The new drive has arrived and has been installed. The Z-axis is now working correctly although there are still some gremlins to be chased. When I zeroed the Z-axis it went past the limit switch. I manually exercised the limit switch and now it seems to be working. I guess it was just a bit sticky from sitting unused for so long. I can see that the lubricator lines are now full of oil so it looks like it is working now that I added oil to the reservoir.


I got the X-axis stuck all the way to the left today. The bed seemed to move to the left ok but when I went to move it back to the right it stuck and now it won’t move in either direction. I looks like the ways were still dry and now the bed is stuck to the gib. I’ll have to try to remove the gib (or at least loosen it).


Finally got the gib out of the bed. What a job that was!! It was dry as a bone and quite a chore to get out. The bed is moving quite freely now on the X-axis. I cleaned and oiled the gib, re-installed it, and adjusted it the best I could. I also manually oiled the ways to get some oil in there until the oilers can catch up. It seems to be working fine now.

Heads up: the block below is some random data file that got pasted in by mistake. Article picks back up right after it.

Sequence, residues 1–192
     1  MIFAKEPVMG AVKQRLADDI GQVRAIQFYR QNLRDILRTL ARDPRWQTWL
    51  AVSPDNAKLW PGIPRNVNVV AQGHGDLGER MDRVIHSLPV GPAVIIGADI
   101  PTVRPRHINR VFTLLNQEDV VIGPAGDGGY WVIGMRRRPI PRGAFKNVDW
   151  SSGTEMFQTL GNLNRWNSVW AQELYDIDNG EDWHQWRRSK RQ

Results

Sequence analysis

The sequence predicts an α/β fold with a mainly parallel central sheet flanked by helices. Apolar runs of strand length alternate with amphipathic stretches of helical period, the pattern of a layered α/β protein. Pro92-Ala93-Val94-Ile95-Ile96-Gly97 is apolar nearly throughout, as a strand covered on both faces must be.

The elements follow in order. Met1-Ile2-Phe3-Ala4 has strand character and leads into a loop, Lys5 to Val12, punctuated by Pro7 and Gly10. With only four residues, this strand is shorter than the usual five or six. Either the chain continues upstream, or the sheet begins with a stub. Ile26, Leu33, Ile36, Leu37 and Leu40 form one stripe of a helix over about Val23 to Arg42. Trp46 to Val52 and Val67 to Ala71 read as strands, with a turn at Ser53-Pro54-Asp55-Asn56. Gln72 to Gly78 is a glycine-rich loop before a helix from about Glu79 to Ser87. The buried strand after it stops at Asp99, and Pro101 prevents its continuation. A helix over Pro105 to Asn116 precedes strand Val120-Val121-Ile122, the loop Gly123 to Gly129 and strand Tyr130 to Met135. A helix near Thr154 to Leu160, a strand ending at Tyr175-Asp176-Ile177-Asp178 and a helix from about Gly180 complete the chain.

With some help from Wayne we managed to figure out why the coolant pump was not running. It is also 3-phase but it wasn’t getting any power at all. I had already been told that it was likely that it wouldn’t start by itself because I am using a static phase converter but it wouldn’t even run when the spindle was running to generate the 3-phase power. It turns out there is an overload breaker in the wiring for it. Once we discovered that on the drawings we went looking for it and finally found it in the other cabinet from where the relays are. We pressed the reset button and presto! the coolant pump starting working! That was the last of the mechanical things that wasn’t working. The only remaining item to correct is the backup batteries on the memory board. They have died so when I shut of the machine I lose all the tool setups and any programs that I have done. The memory board has what are called DALLAS chips. These are 256K SRAM chips with an imbedded lithium battery. They have a limited life span and, like so many other things on this machine, are no longer made. I’ll need to see about getting the board upgraded to have external batteries. I have no idea what this is going to cost!